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Make More Noise: Suffragettes in Silent Film

UK, 1899 – 1917, 80 mins approx, Cert TBC

Thu 29 October 2015 // 20:00

Tickets: £5 / £4

‘You have to make more noise than anybody else, you have to make yourself more obtrusive than anybody else, you have to fill all the papers more than anybody else. In fact you have to be there all the time and see that they do not snow you under if you are really going to get your reform realised.’ Emmeline Pankhurst

Suffragette leader Emmeline Pankhurst’s legendary speech of November 1913 reflected the energetic and determined tactics of suffragette women. The key tactic of the suffragettes’ campaign was to ‘make more noise’. That meant standing up at public meetings, in music halls and theatres, scrawling ‘votes for women’ over census papers, demonstrating on the streets and disrupting elections. It also applied to film – cinema was born just as the campaign was gathering momentum – and over the following years the suffragettes made it their business to get in front of the cameras! This fascinating compilation of 21 short films – with a specially commissioned accompaniment by Lillian Henley – combines contemporary newsreels with anarchic early comedies that reveal as much about young women’s aspirations as does the reportage. Some offer grotesque parodies of female militants (often played by men in drag), but others feature unruly girl children, like the Tilly girls, who wreak havoc and still have the last laugh.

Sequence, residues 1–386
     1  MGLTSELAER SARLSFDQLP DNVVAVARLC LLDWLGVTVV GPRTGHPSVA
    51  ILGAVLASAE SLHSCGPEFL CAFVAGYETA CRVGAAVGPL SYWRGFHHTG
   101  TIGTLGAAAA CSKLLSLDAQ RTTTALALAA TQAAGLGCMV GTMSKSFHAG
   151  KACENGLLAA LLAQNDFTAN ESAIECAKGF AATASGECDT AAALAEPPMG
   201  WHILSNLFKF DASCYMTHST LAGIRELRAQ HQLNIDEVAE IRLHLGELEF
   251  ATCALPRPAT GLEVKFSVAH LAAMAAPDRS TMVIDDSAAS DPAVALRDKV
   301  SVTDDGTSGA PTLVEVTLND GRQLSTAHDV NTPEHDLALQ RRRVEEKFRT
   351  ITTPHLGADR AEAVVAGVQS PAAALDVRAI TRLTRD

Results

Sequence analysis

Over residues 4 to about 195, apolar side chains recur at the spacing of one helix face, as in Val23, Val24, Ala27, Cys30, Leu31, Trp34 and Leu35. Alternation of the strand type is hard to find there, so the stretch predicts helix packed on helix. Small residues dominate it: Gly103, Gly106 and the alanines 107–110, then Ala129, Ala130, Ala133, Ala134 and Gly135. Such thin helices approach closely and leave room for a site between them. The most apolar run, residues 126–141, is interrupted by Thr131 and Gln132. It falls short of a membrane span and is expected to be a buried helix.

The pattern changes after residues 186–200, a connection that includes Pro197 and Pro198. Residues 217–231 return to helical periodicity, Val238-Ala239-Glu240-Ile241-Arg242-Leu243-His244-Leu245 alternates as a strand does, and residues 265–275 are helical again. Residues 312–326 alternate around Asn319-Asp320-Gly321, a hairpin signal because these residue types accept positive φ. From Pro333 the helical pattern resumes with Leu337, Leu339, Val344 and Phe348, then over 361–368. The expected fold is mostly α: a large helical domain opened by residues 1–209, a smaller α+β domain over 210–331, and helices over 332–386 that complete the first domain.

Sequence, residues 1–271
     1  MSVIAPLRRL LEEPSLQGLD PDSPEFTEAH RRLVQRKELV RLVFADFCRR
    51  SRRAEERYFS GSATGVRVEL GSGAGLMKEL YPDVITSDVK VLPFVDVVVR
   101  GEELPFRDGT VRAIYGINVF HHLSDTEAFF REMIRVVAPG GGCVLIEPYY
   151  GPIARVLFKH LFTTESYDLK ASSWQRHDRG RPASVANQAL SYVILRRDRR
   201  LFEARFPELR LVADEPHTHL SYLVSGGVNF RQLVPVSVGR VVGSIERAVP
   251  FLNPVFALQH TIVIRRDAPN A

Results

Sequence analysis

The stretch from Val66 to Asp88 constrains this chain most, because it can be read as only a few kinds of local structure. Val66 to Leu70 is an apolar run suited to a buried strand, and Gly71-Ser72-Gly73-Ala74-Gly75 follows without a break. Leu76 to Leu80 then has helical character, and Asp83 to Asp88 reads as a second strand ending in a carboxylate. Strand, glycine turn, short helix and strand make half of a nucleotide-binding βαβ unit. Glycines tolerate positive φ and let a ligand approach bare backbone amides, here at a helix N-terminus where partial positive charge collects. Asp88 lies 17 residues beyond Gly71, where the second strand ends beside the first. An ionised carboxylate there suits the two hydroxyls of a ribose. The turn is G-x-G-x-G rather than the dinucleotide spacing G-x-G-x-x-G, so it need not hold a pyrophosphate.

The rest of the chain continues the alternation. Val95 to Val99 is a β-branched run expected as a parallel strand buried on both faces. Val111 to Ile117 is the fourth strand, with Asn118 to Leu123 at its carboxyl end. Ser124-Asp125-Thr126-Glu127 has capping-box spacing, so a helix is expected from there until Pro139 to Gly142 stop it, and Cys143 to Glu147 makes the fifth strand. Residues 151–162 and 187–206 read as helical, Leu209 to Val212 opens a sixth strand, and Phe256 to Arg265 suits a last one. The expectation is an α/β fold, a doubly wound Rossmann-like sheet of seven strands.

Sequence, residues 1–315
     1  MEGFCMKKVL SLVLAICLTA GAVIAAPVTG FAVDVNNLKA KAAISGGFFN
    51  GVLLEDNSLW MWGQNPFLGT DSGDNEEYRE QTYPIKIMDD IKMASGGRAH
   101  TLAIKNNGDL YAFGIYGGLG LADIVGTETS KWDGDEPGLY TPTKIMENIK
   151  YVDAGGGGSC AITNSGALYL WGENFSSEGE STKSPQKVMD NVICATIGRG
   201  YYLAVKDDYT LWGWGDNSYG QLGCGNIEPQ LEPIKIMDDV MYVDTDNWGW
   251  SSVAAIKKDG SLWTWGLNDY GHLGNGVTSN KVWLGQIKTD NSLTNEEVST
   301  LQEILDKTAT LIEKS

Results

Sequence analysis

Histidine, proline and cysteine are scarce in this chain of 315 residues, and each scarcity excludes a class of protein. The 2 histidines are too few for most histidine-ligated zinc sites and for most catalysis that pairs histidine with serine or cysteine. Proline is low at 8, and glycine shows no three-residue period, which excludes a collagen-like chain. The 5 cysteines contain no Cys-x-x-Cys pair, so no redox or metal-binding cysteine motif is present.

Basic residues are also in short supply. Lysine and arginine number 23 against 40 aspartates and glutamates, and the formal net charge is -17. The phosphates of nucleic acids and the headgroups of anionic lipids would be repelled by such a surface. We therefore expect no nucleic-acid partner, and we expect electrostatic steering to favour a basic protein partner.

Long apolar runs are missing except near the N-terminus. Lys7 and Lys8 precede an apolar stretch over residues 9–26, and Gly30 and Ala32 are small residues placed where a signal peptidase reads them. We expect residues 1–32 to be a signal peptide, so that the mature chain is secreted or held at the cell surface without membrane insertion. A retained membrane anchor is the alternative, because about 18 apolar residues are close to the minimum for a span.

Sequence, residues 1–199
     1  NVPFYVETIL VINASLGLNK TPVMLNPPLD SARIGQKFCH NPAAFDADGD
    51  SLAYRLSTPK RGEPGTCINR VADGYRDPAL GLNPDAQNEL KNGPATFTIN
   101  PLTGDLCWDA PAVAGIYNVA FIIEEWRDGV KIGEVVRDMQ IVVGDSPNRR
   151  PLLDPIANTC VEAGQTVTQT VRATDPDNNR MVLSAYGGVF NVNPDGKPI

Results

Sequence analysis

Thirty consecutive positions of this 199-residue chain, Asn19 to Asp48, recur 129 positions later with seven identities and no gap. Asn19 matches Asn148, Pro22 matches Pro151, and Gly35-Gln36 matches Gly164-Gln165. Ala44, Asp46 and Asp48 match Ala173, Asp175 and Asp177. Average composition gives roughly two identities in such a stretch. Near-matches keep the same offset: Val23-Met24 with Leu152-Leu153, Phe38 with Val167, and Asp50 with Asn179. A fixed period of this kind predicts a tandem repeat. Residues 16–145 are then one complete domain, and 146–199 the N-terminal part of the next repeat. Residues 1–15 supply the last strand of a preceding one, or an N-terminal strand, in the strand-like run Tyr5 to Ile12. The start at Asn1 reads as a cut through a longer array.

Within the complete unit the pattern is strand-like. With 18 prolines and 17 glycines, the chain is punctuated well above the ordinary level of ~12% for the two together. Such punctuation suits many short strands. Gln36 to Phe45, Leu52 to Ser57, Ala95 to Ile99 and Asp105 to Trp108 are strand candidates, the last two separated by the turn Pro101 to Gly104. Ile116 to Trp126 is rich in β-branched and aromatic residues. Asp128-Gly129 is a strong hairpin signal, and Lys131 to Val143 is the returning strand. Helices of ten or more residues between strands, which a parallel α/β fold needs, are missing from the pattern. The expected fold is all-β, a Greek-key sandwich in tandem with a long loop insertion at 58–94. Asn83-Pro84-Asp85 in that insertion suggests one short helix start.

Bryony Dixon, BFI curator of silent film, says:

“What I like most about this selection is the combination of films showing the serious business of campaigning for the vote – the real women who did it – with these joyful comedies which are about unrestrained girl power. Comedy was a test bed for all possible outcomes of female emancipation – they visualised the inconceivable.”

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Doors open 30 mins before the advertised start time to allow time to buy or collect tickets

All screenings are free for asylum seekers.